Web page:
”I love you across the river and over the hills,’’ Sam McBratney, Guess How Much I Love You


My husband wonders if I miss him when he’s away on his whirlwind round-the-world business trips. It’s a tricky question. I’ve been letting it roll around my neurons and synapses for a while.

With Mother’s Day this Sunday in Canada and Australia and other countries I think I may have the answer.

I’ve spent over two decades living in different countries and perfecting the art of not missing — how can I possibly undo that now?

Homesickness came in waves every three months when I moved to France in 1989 but I gulped it down and pushed it aside with a glass of Bordeaux and some fromage Etorki.

I focussed on the excitement of living in a different country, learning French, travelling, and that little hole of emptiness seemed to fade after the first few years.

It was easier in France and England when the return flight to Canada could be done in a long weekend. It isn’t so simple from Australia where it takes at least 13 hours to fly to Los Angeles and another five to Toronto. It’s more poignant now that I have children and I want them to have a lazy easy relationship with my parents and my family. The age of my parents sits heavily in my thoughts.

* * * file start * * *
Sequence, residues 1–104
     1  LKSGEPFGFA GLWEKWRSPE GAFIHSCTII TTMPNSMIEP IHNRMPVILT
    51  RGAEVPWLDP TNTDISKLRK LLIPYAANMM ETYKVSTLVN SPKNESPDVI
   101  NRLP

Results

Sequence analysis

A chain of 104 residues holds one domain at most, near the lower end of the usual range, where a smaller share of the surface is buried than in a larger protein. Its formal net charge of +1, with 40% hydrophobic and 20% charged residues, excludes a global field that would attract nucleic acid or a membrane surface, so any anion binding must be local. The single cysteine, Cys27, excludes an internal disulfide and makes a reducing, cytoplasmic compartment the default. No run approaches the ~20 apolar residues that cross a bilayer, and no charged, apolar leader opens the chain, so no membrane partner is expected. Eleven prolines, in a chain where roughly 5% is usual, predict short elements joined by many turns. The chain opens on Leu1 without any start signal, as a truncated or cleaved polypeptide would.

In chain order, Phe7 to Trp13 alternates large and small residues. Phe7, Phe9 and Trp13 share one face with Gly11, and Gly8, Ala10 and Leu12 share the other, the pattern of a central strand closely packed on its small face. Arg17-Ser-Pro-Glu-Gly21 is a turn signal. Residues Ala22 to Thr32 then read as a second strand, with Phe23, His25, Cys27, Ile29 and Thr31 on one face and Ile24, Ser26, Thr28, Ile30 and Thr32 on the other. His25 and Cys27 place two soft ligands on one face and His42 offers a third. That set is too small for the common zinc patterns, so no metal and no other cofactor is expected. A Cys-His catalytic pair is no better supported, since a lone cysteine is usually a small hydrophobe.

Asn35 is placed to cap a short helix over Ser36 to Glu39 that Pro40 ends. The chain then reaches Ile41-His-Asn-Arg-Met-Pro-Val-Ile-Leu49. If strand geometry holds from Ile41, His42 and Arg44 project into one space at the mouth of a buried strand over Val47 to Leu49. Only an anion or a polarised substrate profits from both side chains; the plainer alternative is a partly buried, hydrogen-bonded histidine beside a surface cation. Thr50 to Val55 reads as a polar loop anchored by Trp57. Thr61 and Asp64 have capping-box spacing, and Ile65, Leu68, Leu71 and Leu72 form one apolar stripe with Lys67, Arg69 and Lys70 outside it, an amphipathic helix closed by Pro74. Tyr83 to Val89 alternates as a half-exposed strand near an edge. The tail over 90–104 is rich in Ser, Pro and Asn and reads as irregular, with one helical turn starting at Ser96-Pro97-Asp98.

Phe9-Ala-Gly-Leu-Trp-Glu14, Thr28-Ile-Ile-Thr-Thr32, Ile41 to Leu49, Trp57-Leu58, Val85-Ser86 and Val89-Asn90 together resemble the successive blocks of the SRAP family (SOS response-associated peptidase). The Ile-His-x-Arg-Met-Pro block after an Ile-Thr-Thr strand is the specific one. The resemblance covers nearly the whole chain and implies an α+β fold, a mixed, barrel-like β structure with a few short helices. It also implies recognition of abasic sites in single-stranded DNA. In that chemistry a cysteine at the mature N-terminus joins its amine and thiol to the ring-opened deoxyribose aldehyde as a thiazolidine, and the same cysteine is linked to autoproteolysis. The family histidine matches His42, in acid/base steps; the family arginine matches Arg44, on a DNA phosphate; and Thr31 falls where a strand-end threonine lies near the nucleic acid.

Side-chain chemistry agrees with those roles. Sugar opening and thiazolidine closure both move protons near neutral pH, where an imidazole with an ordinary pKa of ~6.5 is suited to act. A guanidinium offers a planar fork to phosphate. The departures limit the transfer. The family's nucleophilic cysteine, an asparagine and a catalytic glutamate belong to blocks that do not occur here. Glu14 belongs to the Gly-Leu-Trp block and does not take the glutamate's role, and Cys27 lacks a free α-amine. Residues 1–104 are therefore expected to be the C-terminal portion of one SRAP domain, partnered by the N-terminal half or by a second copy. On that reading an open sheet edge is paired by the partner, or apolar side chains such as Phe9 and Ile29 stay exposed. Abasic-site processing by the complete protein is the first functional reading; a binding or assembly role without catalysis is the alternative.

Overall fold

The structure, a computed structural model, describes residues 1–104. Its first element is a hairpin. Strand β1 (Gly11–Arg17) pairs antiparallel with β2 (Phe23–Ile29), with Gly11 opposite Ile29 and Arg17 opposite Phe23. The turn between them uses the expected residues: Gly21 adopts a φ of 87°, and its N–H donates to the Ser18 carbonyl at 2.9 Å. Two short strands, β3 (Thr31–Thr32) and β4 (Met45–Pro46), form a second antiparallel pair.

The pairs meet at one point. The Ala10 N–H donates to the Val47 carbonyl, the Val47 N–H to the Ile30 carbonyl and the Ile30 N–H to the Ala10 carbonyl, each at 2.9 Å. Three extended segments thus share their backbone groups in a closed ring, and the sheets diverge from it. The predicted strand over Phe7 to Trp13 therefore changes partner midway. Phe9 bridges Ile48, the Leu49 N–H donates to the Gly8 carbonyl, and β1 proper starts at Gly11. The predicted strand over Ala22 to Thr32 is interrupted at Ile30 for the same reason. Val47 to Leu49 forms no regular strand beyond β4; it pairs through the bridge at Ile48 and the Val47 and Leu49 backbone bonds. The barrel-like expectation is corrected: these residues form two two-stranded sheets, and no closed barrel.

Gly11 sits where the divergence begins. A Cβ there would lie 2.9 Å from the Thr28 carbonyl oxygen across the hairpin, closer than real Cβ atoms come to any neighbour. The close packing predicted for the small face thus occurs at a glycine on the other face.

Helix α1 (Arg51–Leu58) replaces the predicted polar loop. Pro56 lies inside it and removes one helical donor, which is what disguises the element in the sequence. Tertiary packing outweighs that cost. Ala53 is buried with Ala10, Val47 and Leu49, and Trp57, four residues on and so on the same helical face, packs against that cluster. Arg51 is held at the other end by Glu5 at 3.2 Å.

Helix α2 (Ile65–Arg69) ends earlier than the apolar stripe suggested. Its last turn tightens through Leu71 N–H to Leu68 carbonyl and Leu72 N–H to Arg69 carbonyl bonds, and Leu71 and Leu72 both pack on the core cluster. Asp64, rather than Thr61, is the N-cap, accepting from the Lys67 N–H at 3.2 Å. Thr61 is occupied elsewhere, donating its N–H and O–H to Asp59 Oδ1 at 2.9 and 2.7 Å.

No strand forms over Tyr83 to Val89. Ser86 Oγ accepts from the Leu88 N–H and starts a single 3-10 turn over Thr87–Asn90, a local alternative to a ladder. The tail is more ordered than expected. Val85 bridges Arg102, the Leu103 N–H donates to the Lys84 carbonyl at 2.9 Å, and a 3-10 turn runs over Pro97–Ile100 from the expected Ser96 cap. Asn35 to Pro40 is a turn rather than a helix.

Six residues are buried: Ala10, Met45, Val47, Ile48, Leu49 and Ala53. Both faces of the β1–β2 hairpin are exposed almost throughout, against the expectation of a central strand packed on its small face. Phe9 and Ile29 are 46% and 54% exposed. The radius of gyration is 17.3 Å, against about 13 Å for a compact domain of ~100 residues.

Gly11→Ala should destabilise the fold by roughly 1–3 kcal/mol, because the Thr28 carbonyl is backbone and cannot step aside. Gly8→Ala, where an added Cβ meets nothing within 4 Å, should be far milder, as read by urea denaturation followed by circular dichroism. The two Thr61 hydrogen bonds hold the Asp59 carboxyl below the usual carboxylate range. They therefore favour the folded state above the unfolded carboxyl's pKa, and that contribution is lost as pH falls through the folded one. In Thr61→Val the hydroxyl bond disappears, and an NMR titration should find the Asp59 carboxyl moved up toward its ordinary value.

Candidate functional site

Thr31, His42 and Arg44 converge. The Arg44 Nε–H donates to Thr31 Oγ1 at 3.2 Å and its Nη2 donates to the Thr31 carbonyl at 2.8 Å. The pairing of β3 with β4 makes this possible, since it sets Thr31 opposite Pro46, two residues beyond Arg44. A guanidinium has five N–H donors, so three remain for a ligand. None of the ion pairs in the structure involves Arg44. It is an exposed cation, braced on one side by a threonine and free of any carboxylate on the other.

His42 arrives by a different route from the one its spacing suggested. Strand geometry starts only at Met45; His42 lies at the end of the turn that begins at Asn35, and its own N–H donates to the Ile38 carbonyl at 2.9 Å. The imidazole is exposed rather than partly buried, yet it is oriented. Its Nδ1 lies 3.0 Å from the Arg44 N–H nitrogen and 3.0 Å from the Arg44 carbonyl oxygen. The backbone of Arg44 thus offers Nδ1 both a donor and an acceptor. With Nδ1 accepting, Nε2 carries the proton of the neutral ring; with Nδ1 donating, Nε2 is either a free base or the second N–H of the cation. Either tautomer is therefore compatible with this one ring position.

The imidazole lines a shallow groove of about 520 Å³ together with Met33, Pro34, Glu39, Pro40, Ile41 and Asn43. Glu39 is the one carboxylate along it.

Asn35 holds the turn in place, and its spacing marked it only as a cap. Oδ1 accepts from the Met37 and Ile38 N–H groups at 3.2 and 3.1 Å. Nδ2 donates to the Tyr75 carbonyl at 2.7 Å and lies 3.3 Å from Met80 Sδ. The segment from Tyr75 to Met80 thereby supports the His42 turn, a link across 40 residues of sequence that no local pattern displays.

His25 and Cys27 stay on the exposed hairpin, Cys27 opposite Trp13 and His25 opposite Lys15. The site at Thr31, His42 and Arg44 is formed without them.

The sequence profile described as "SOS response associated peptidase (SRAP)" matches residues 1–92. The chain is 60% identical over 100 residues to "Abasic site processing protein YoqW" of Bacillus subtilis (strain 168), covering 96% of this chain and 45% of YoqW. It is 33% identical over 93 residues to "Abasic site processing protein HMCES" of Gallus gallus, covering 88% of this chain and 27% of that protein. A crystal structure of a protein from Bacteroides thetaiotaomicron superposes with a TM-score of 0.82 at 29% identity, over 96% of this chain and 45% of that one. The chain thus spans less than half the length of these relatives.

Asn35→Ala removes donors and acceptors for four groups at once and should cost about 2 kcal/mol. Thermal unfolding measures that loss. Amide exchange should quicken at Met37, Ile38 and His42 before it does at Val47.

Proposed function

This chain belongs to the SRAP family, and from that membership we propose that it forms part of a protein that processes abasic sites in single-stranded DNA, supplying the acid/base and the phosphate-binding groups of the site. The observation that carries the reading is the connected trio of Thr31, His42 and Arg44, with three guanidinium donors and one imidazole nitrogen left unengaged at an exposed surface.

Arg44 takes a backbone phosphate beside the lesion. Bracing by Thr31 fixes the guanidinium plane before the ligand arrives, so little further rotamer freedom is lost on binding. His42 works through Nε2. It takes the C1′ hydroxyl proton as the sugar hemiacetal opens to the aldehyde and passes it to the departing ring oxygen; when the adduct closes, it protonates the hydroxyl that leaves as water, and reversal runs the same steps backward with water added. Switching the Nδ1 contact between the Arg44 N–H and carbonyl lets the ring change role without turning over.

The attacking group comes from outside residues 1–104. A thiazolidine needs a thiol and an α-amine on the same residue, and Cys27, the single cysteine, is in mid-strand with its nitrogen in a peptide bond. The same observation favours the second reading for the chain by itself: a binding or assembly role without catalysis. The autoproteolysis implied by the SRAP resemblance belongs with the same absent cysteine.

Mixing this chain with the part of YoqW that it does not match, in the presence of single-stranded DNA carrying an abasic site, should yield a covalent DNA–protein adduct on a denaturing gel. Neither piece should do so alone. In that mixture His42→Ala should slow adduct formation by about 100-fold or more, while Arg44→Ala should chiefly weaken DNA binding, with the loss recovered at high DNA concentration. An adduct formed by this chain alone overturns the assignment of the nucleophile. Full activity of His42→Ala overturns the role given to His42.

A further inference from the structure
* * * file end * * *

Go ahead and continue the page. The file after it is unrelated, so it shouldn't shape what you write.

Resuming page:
Missing mum’s butter- and onion-smothered pierogies and conversations at the kitchen table, missing the ability to phone and say ”Hey, wanna go out for coffee?’’ or ”Come stay with us for a weekend.’’ Missing those long dark cold Canadian evenings when Dad and I would solve the world’s problems over a bottle of wine. Missing my friends in other countries.

I stare at mothers and daughters and grandmothers shopping together in the grocery store and realise I’m jealous. ”Come on Dad,’’ says a middle-age woman with sun-creased skin. She pulls her elderly father along the sidewalk with tones that sting. I want to tell her to appreciate every moment she has but I stay silent. These are things we learn for ourselves. By listening to the heartbeat of love.
If I allow myself to really miss everything, I’m afraid I’ll be overwhelmed by a torrent of missing: not just family and friends but places and times and moments shared. So I keep it bottled up and pretend it isn’t there or uncork it just a little at a time.
The problem is that sometimes the cork just blows off on its own.So on Mother’s Day, I’ll be with my girls and we will let the cork out: we’ll be missing mum and Nana, who died almost a year ago, and my second mum, my husband’s mother, in England.I’ll be thinking of all my family and friends who can’t be with their mothers but keep them sealed in their hearts. And I’ll be thinking of you and your mother too — because everyone needs a loving mother. Not matter how old we get.

On Sunday, my girls and I will light a candle for the 234 mothers in Nigeria who are missing their young daughters, stolen from them.